The project will be an observational one, meaning that you will work hands-on with astronomical data. You will analyse near-infrared images obtained for many different neutron stars with the 6.5-m Magellan telescope located in Chile, and X-ray spectra obtained for these neutron stars with different telescopes. By combining the near-infrared and X-ray results, you will investigate what the dominant emission processes are, and whether this changes depending on how fast the neutron star is accreting. You also compare your results for this large sample of neutron stars with the X-ray and near-infrared properties of accreting black holes, to see what the differences and similarities are.

    Keywords: Observational, X-ray+near-infrared, imaging, spectroscopy, neutron stars, black holes, accretion

    Related research blog: Changing emission mechanisms

  3. Developing a new tool to detect for weak disk wind features in X-ray binaries

    Neutron stars and black holes are notorious for attracting and swallowing material from their surroundings. However, these stellar cannibals can also spit large amounts of matter and energy back into space via collimated jets or dense accretion disk winds. The emission from jets is directly detectable (most prominently in the radio band), but the disk winds typically reveal themselves by absorbing light from the accretion disk.

    The presence of a disk wind causes narrow absorption features in (high-resolution) spectra taken at different wavelengths. Those features will show a blue-shift at a velocity corresponding to the speed of the wind, which is typically a few to a few tens of percent of the speed of light. However, such features may be very weak for various reasons, making them very difficult to find by eye.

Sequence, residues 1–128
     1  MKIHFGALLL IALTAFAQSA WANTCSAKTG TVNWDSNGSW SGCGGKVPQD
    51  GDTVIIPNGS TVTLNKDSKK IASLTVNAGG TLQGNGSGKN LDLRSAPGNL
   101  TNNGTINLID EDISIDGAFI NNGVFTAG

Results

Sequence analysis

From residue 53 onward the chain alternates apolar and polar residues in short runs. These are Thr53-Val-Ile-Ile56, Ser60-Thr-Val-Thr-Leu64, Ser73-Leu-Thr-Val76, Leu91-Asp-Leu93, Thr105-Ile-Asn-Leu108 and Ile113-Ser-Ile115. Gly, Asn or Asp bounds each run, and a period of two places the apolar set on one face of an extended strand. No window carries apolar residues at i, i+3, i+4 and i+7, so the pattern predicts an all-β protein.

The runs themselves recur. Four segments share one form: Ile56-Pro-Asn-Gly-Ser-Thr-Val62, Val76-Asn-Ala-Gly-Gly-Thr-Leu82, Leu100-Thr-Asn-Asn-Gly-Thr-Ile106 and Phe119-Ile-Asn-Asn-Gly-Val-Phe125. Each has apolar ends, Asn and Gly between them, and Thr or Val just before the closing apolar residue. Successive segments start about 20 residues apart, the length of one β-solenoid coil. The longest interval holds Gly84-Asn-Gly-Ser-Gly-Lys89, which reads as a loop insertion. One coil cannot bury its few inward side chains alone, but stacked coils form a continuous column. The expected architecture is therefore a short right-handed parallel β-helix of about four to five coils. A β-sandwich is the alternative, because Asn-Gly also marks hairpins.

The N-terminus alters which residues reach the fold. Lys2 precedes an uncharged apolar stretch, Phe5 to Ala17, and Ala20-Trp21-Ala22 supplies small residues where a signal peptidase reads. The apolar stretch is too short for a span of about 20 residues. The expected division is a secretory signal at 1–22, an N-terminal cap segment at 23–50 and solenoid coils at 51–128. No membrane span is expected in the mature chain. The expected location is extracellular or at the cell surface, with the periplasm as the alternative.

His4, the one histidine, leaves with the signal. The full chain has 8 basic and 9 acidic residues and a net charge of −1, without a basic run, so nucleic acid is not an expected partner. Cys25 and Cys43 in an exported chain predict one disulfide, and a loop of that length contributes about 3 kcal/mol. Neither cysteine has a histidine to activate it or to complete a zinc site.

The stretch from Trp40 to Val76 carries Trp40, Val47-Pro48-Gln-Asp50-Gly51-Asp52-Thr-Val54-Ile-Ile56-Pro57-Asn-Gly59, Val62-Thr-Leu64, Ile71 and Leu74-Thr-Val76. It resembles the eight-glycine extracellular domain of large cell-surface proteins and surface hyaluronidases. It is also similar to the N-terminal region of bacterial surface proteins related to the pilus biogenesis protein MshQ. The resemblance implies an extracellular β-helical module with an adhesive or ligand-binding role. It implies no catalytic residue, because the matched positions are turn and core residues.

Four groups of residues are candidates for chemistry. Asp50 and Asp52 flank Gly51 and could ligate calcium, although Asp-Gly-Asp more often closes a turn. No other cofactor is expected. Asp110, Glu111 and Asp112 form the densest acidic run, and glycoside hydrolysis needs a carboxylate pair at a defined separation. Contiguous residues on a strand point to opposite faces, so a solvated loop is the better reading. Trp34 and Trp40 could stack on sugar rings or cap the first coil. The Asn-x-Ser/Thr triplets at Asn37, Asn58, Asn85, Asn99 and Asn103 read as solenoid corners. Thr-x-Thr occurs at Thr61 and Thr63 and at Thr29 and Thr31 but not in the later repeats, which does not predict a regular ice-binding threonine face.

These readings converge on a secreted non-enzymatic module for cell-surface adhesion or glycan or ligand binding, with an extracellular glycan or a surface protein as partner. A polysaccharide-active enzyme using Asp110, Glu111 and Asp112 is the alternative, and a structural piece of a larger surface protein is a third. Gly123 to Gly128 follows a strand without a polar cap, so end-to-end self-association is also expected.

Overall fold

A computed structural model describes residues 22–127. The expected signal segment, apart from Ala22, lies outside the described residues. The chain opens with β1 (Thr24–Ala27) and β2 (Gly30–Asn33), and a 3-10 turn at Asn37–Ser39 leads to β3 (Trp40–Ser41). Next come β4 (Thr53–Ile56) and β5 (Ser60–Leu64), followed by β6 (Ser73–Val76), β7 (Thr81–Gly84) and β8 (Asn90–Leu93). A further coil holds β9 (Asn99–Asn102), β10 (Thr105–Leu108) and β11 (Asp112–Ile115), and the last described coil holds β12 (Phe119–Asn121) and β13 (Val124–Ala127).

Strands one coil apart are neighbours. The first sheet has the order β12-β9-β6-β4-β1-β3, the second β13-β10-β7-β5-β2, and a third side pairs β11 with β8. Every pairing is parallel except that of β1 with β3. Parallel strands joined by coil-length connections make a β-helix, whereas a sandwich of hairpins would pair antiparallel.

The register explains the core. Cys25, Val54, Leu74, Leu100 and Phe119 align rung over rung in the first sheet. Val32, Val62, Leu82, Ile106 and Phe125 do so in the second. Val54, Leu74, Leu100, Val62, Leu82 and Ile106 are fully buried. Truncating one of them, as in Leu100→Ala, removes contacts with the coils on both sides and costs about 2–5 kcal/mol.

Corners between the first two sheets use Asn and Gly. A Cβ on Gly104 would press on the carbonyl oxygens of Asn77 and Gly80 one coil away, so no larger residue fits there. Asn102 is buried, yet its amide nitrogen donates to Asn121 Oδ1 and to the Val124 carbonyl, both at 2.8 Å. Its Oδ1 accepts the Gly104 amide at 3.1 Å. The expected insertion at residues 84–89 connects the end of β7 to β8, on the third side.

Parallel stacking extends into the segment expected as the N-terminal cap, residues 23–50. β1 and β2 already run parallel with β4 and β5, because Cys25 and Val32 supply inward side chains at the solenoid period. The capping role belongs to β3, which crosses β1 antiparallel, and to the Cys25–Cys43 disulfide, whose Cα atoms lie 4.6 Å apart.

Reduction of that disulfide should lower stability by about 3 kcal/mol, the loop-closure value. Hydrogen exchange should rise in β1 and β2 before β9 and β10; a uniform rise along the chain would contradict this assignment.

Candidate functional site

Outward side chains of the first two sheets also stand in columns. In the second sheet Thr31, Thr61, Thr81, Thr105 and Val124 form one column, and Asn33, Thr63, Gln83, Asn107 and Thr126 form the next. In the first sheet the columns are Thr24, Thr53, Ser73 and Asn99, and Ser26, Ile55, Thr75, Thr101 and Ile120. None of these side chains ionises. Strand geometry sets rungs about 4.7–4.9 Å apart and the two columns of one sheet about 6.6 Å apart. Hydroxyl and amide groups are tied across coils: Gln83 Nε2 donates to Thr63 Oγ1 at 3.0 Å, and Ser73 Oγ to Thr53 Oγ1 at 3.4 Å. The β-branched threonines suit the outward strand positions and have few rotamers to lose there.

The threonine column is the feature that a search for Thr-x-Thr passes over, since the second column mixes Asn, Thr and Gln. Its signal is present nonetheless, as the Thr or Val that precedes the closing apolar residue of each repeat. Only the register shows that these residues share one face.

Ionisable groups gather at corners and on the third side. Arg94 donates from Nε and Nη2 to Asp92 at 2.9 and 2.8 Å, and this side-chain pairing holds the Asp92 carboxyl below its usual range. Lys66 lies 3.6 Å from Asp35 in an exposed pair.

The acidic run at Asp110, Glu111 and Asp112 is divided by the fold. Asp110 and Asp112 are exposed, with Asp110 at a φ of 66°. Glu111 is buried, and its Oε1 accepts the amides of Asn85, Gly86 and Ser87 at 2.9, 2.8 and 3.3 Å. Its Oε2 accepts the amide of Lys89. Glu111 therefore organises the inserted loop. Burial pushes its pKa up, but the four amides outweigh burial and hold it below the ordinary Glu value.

In this project you develop an analytical tool to efficiently search for such weak absorption lines in X-ray spectral data obtained with the XMM-Newton and Chandra telescopes. You will then apply your own tool to a large number of data sets to perform the first-ever systematic search for such features in the X-ray spectra of a few tens of X-ray binaries. This study will serve as an important benchmark for strategizing new observations and searching for weak wind features in other data sets. This is a challenging project that requires good programming skills and your initiative on developing an efficient search technique.

    Keywords: Observational, coding, X-rays, spectroscopy, neutron stars, accretion

    Related research blog: Blown away by an accretion disk wind

  4. Mapping the UV properties of X-ray binaries

    Neutron stars and black holes are extreme objects that are involved in the most explosive and energetic phenomena observed in the universe. When located in binary star systems, black holes and neutron stars can pull off and swallow gas from their companion star. This process, called accretion, converts enormous amounts of gravitational energy into electromagnetic radiation. These so-called X-ray binaries can therefore be observed at radio, infrared, optical, ultra-violet (UV), X-ray, and sometimes even gamma-ray, wavelengths.

    Whereas X-ray binaries have been known and extensively studied for over 5 decades, little is known about their UV properties. However, in recent years several X-ray binaries have been observed at UV wavelengths with the Hubble Space Telescope and the Swift satellite. This observational project will focus on characterizing the UV properties of X-ray binaries, linking it to their X-ray properties, using astronomical data. You will work with satellite data obtained with the following observatories: Hubble Space Telescope, Swift, Chandra, XMM-Newton.

    Keywords: Observational, UV+X-rays, imaging, spectroscopy, neutron stars, black holes, accretion

    Related research blog: Changing emission mechanisms